output frequencies of a laser are determined by several factors.
First, the gross wavelength is determined by the energy uncertainty
(broadening) of the laser transition, which determines the
wavelength and overall linewidth. Nonetheless, at any given
instant, only a relatively few frequencies within this overall
envelope are allowed to oscillate. These "longitudinal modes"
result from the boundary conditions that, in a conventional
two-mirror lasers, the amplitude of the wave must be zero
at the mirror surface (i.e., that the oscillating wave is
a standing wave). This means only those laser frequencies
that meet the criteria
operate, where c is the speed of light, L is the effective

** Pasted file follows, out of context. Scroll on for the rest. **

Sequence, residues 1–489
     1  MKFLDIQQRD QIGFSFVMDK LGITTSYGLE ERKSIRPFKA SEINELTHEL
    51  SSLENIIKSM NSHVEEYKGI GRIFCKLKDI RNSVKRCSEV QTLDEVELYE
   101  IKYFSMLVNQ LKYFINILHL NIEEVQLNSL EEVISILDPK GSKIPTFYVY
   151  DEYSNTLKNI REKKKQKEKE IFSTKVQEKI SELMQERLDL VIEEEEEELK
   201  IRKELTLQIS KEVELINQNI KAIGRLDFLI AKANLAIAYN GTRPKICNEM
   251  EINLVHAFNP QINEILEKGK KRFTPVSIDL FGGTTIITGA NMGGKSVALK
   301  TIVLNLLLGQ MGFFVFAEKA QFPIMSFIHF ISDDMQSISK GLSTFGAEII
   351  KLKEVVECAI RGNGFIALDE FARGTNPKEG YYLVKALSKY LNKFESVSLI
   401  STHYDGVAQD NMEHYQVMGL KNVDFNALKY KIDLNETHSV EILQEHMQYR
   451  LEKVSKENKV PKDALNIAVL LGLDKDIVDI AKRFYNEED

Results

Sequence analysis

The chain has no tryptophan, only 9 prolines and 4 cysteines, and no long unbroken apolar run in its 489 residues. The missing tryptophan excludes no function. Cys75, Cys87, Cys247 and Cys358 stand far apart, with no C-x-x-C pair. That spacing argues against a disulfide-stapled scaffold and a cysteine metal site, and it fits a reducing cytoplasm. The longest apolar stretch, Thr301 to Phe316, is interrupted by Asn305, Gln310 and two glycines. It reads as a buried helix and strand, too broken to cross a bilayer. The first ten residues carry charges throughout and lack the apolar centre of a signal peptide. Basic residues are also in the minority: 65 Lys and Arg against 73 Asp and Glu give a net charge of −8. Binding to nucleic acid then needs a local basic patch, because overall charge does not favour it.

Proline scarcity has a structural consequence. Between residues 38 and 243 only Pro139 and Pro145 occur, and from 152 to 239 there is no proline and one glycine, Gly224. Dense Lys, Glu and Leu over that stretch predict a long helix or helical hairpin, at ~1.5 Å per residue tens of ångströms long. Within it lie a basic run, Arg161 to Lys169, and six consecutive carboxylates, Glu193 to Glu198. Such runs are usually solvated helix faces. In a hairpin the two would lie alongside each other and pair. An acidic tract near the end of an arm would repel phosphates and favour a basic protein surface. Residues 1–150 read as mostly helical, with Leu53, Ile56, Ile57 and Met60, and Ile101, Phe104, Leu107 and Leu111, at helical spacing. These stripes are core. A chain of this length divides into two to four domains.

cavity length, and N is an interger. Adjacent modes are typically
illustration below shows the lasing envelope of a helium neon
laser operating at 632.8nm with a cavity spacing of 23cm.
This results in a mode spacing of 640MHz. Since the width
of the gain curve (FWHM) is only 1400MHz, only two longitudinal
modes can operate at any given time. If the laser were twice
as long, four longitudinal modes could operate simultaneously.
the allowable longitudinal modes are a function of cavity
length, the frequency will change as the cavity length changes.
In lasers where only a few longitudinal modes can operate,
these changes will cause outpout power to fluctuate as the
modes sweep under the gain curve